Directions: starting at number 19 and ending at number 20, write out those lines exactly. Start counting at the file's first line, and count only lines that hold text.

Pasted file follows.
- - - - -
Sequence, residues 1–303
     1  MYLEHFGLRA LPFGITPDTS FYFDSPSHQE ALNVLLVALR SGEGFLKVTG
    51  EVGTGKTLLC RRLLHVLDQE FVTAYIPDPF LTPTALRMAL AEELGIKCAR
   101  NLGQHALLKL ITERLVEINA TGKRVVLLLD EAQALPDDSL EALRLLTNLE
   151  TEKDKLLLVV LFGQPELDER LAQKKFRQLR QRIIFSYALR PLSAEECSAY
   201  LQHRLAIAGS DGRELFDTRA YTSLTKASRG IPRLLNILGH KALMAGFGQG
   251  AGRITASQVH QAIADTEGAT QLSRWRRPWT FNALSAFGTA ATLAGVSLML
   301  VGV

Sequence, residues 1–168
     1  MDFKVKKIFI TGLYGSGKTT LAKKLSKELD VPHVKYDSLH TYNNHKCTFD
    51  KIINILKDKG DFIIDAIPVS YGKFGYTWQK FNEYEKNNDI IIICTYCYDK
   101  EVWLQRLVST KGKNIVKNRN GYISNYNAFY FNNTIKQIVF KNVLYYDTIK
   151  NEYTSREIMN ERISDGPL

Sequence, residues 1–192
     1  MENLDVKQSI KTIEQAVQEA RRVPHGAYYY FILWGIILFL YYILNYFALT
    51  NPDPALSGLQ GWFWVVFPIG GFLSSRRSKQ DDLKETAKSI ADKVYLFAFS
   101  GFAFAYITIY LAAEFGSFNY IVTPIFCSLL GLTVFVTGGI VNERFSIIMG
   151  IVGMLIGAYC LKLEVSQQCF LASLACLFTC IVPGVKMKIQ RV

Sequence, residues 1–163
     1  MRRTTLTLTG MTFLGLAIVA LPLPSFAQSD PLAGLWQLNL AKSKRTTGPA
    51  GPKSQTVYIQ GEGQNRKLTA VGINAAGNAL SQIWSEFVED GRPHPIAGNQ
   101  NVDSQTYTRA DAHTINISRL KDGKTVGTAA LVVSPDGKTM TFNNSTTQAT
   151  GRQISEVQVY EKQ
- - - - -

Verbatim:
Sequence, residues 1–163
     1  MRRTTLTLTG MTFLGLAIVA LPLPSFAQSD PLAGLWQLNL AKSKRTTGPA